Researchers Identify Biomarker for Spotted Fever Rickettsial

January 26, 2020
Alison Rodriguez
Alison Rodriguez

Researchers recently discovered a sensitive and specific biomarker that may enable early diagnosis, treatment, and public awareness of spotted fever rickettsial infections, including Mediterranean spotted fever (MSF), according to a study published in the American Journal of Pathology.

Researchers recently discovered a sensitive and specific biomarker that may enable early diagnosis, treatment, and public notification of spotted fever rickettsial infections, including Mediterranean spotted fever (MSF), according to a study published in the American Journal of Pathology.

“Mediterranean spotted fever is a reemerging acute tick-borne infection produced by the α-proteobacterium, Rickettsia conorii,” authors said. “Rickettsia conorii infects vascular endothelial cells producing disseminated plasma leakage, manifesting as nonspecific fever, headache, and maculopapular rash. Because there are no available tests of early infection, Mediterranean spotted fever is often undiagnosed and untreated, resulting in significant mortality.”

The research involved use of a quantitative proteomics pipeline to identify a biomarker for the rickettsial infection in order to diagnose MSF. Researchers identified the rickettsial protein, RC0497, from a culture medium of primary human umbilical vein endothelial cells infected with Rickettsia conorri. They then developed assays for detecting RC0497 in blood. Researchers used a mouse model of Rickettsia conorii and serum samples from humans with acute rickettsioses.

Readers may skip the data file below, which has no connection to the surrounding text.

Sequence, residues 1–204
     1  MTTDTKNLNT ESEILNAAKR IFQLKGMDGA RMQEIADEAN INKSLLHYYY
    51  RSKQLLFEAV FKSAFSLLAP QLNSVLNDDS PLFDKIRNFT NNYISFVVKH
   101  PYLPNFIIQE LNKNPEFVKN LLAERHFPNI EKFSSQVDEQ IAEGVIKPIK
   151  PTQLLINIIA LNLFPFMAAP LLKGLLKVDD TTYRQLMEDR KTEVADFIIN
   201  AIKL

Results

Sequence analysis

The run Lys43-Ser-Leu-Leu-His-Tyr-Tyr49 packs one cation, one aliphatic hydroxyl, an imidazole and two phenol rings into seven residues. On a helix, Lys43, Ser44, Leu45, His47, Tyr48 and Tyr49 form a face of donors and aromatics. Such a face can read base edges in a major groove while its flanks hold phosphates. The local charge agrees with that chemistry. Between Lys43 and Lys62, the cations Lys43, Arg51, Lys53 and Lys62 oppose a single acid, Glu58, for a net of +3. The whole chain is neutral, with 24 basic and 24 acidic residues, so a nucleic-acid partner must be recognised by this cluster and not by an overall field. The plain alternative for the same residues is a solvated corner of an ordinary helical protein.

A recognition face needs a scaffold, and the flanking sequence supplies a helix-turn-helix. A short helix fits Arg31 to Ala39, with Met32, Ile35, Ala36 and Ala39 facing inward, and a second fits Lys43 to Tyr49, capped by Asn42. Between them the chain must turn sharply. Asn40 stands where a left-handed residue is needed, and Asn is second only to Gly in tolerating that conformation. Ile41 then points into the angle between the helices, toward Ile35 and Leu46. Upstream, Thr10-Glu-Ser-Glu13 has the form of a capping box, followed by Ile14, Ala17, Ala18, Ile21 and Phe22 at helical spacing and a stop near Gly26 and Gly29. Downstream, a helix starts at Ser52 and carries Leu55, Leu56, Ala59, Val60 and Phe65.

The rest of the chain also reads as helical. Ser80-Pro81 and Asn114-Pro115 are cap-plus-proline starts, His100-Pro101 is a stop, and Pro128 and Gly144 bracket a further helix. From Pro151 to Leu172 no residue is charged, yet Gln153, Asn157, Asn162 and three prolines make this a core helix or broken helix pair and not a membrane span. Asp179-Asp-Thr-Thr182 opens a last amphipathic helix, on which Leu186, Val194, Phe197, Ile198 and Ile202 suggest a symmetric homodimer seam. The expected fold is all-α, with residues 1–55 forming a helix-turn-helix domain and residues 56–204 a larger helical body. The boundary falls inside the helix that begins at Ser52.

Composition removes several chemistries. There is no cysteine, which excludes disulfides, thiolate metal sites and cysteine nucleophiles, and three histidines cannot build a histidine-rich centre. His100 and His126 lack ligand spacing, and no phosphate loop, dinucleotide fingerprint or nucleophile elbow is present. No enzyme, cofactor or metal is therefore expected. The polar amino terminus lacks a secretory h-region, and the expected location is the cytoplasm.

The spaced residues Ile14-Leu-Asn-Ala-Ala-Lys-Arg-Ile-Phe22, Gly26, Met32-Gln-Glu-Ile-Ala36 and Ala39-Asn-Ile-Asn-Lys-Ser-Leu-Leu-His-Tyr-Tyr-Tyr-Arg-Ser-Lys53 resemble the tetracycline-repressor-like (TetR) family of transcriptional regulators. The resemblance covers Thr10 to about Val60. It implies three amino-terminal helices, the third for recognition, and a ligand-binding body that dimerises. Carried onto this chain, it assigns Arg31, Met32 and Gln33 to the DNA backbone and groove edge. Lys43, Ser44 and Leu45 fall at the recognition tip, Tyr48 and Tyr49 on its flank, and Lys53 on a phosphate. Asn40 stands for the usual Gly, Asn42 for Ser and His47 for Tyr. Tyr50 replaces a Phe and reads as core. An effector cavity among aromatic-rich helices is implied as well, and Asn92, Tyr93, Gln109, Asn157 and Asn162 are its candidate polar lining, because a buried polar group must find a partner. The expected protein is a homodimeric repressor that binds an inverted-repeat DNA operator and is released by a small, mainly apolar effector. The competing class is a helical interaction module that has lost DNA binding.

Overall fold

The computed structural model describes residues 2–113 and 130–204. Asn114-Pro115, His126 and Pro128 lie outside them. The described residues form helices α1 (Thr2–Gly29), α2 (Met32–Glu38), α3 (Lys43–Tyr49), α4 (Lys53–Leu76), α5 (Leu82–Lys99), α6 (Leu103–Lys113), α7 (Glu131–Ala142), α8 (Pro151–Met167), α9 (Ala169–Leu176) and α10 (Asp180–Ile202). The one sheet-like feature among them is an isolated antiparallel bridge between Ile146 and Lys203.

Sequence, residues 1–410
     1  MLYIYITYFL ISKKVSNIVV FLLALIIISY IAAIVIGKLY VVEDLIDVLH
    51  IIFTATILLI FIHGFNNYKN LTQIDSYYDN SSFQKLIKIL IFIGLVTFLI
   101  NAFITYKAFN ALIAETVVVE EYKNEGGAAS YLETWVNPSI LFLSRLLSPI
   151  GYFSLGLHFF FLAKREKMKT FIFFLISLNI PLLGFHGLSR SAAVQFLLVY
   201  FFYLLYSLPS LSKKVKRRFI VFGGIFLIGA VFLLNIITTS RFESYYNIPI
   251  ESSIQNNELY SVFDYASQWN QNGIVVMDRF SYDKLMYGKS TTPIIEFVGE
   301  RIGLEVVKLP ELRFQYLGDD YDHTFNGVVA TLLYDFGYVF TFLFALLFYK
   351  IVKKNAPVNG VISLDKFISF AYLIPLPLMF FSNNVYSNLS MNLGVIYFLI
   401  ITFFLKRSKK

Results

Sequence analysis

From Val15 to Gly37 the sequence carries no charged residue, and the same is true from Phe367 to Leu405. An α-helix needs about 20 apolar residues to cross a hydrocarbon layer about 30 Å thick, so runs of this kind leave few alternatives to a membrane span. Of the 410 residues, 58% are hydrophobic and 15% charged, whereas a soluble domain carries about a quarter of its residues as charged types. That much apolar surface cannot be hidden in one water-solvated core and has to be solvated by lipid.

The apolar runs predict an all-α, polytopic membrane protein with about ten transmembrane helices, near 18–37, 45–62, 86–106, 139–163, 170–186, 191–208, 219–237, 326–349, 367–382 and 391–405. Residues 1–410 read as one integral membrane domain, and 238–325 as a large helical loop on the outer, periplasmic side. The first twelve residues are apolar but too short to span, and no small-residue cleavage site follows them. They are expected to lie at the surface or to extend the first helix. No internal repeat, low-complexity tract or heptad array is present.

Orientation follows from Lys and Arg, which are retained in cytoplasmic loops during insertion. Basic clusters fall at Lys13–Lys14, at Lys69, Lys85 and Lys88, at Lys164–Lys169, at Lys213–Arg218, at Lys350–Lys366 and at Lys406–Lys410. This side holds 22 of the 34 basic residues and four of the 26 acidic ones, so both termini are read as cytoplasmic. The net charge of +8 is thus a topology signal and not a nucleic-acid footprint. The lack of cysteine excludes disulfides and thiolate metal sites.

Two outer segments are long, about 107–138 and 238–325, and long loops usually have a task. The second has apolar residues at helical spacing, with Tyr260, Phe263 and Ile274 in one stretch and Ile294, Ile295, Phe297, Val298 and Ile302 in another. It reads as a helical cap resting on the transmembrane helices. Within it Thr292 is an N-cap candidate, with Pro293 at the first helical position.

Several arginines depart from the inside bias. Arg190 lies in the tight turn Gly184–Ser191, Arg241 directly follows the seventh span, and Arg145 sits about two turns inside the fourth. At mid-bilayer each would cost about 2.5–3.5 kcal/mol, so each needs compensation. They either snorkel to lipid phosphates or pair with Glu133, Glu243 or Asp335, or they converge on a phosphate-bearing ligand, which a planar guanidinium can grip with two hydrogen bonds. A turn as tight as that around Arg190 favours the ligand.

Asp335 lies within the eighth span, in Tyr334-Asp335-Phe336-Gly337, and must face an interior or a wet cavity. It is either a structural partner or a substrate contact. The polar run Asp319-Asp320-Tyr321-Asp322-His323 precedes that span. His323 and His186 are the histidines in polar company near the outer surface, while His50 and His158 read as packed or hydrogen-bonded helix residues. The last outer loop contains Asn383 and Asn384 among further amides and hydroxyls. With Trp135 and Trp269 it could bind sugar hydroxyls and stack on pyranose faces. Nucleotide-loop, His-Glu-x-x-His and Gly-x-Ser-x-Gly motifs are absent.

Results suggested that RC0497 can significantly differentiate infected individuals from healthy controls and that different levels of RC0497 are proportional to the severity of the infection.

“The detection of RC0497 has the potential to diagnosis a wide variety of rickettsial spotted fever infections, including Rocky Mountain spotted fever,” co-lead investigator Yingxin Zhao, PhD, said in a statement.

Co-author, David H. Walker, MD, explained that the results may assist in developing a point-of-care diagnostic test that could revolutionize the diagnosis of spotted fever rickettsioses. However, a larger cohort study is needed in order to validate the results.

"The rickettsioses represent an important unmet need in human and veterinary medicine. Rickettsioses are a spectrum of potentially lethal diseases whose diagnosis and definitive treatment require a high index of suspicion," the researchers concluded.

Reference:

Zhao Y, Fang R, Zhang J, et al. Quantitative proteomics of the endothelial secretome identifies RC0497 as diagnostic of acute rickettsial spotted fever infections [published online January 16, 2020]. Am J Pathol. doi: 10.1016/j.ajpath.2019.10.007.